And now for something completely different. I've decided to "close off" Summer Of Samurai (I say close off in quotes as there is definitely going to be a September Of Samurai as I haven't covered half of the films I hoped to) with a three essays on Kurosawa I wrote in my last year as a student. The Essays are obviously the work of a student, and are about as earnest as they get. And a bit pretentious as well (Partially me partially the academic setting).
But I feel like sharing them anyway, both because I think that there's some genuine insight here, and also because I'm curious the response my writing that's a bit less conversational will get. Writing in other words where I am not dropping the F Bomb every other word, and the grammar is actually correct.
Crazy I know.
But lets give it a shot.
I’m afraid I can’t quite accept Kurosawa as a post modernist. The core theme running through his films is that of responsibility, to ourselves and others. Something I find lacking in post modernist thought. To quote Paul Schrader in his illustration of the difference between Post Modern film and Modern film (Or as he phrases it between Existential film and Ironic film.) “The existential dilemma is, 'should I live?' And the ironic answer is, 'does it matter?' Everything in the ironic world has quotation marks around it You don't actually kill somebody; you 'kill' them. It doesn't really matter if you put the baby in front of the runaway car because it's only a 'baby' and it's only a 'car'." (
In Kurosawa it is never just a “baby” or just a “car”. Things matter in Kurosawa film, it is more then simple play. That said, I concede that looking at Kurosawa, through a postmodernist lens, particularly that of Baudrillard’s, can add some very interesting shading’s to Kurosawa’s work. Following this logic, let us begin with Kagemusha, the film of Kurosawa’s I find most open to the Post Modernist eye.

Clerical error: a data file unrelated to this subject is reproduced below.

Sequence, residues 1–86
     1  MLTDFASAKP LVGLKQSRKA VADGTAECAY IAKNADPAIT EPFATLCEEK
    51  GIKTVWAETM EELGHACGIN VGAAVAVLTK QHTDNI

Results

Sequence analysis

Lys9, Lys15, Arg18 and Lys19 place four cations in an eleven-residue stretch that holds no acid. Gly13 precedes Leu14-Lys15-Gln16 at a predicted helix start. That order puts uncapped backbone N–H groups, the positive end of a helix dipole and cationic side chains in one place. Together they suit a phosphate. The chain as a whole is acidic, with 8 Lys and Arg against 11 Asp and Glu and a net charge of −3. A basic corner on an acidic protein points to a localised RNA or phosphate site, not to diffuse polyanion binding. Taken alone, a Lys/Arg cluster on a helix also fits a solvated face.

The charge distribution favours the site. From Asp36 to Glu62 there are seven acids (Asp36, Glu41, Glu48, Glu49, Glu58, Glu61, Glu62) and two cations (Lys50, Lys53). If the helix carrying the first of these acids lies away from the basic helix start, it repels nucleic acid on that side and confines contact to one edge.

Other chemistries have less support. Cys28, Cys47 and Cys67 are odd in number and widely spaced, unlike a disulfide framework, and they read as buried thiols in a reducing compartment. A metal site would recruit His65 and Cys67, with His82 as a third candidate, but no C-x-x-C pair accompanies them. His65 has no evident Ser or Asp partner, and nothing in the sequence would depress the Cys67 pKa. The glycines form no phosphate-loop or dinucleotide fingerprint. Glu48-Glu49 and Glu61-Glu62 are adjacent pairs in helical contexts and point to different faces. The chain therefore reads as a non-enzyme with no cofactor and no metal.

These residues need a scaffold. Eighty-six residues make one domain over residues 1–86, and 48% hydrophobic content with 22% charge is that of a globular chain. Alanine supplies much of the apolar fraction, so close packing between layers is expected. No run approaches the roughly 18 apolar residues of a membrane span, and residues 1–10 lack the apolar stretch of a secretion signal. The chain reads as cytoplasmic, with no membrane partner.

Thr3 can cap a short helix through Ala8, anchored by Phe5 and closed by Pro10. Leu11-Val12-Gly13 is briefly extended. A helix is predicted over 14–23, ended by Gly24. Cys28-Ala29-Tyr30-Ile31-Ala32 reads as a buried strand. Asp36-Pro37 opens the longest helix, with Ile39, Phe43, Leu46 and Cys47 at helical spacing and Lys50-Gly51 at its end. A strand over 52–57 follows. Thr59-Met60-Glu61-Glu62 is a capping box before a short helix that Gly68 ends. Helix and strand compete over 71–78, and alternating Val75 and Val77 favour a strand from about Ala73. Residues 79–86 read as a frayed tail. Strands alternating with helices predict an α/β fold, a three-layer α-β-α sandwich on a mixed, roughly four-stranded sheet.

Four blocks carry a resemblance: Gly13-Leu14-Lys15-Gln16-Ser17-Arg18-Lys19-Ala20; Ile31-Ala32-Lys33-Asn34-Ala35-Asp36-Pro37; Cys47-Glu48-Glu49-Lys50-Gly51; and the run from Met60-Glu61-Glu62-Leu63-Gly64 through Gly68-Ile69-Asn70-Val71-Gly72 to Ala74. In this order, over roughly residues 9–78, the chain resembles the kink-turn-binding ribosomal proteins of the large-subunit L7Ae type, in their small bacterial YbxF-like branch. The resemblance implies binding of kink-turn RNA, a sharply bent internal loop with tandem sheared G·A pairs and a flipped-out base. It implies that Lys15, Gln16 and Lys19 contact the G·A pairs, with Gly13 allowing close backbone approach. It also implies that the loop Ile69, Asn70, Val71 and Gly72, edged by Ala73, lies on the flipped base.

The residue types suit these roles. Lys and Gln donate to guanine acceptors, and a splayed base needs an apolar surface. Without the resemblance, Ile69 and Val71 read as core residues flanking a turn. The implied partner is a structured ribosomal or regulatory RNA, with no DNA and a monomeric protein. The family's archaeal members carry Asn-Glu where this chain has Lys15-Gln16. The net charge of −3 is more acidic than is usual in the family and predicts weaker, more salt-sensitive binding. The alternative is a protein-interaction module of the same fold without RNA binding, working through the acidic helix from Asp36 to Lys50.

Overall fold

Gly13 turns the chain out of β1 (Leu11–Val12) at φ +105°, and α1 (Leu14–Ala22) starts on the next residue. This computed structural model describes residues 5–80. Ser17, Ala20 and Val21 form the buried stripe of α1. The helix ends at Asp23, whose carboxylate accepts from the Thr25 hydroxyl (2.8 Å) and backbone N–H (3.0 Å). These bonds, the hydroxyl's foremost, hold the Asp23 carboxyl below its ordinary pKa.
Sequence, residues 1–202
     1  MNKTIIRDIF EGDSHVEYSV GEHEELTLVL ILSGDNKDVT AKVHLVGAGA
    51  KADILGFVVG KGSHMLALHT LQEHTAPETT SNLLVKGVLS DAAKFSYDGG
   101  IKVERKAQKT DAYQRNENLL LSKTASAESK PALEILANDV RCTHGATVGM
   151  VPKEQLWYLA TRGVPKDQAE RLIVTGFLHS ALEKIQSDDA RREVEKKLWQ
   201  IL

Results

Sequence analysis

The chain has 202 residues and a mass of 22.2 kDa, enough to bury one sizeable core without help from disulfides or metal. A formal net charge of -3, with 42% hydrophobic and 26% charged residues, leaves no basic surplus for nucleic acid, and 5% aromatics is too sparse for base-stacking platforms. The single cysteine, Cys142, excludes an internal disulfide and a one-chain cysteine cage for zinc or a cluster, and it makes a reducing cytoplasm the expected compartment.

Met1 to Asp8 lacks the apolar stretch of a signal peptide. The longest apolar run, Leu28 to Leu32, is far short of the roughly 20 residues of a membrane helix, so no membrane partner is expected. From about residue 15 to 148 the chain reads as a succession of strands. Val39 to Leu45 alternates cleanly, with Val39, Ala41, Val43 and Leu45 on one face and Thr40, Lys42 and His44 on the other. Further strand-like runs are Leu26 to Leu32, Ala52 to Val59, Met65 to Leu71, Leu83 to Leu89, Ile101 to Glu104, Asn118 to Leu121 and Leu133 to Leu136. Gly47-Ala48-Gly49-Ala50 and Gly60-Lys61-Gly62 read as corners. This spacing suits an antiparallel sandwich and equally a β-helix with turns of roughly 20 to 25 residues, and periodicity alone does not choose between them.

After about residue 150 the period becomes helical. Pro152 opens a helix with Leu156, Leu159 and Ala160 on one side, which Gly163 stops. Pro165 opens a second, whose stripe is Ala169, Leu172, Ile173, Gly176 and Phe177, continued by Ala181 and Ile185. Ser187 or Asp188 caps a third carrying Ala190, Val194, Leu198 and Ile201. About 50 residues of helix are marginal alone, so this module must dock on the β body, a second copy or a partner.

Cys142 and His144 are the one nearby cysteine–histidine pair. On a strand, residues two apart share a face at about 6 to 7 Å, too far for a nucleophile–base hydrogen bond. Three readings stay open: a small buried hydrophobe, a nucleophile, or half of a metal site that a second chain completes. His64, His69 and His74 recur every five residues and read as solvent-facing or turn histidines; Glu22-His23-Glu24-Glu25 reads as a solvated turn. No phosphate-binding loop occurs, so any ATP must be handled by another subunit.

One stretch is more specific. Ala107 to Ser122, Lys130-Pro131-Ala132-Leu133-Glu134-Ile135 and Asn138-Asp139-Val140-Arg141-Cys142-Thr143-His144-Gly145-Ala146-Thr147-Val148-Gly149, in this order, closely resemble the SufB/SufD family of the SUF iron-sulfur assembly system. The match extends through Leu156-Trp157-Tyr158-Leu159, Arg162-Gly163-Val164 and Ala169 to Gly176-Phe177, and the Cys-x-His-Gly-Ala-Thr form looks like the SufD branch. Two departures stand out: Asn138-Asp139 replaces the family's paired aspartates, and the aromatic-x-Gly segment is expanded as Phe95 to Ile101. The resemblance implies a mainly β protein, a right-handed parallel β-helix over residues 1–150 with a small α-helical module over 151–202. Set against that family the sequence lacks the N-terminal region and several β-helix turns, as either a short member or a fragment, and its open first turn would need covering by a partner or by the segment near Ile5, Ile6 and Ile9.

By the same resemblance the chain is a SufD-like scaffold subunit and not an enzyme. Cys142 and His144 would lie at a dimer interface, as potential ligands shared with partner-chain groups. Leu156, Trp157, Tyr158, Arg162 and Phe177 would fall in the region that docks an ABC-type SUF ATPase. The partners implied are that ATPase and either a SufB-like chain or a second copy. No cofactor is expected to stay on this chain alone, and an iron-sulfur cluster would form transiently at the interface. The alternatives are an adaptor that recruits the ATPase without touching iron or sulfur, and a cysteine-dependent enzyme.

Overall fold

It is tempting to look at Kagemusha as pastiche, after all it had been fifteen years since he had made a jidai-jeki with Red Beard, and at least seventeen years since he had made a Samurai film with Sanjuro. This partnered along with it’s making, could give rise to the idea that the American’s where simply buying themselves a “real” Samurai film, a Simulacrum Samurai if you will. However, I cannot read Kagemusha as such. It is too mournful, too contemplative, too impressionistic, and too mindful of the violence it creates to equate with Kurosawa’s earlier films. If anything it is a piece of Intertextual cinema examining itself. In other words rather then the pastiche of the Post Modernist, I feel that Kurosawa has created the Revisionist film of the Modernist. (It is interesting to note that Richie appears to disagree, but almost subconsciously he notes, “that it proved to be such a richly engrossing experience, such a Kurosawa-like entertainment,”
Still the central drama of Kagemusha does fit nicely with Baudrillard’s concept of the Simulacrum. The men in the field, and the warlord’s enemies do not know that their enemy is truly dead, because his signifier remains. As Baudrillard puts it in The Precession Of The Real “The Disneyland imagery is neither true nor false, it is a deterrence machine set up in order to rejuvenate the fiction of the real in the opposite camp.” The fact that the signifier is a false one doesn’t matter, it has the same affect as a true one as Baudrillard says in Precession of the Simulacrum “We require a visible past, a visible continuum, a visible myth of origin, which reassures us about our end.” , even though the signified is no longer present, it simply makes no difference.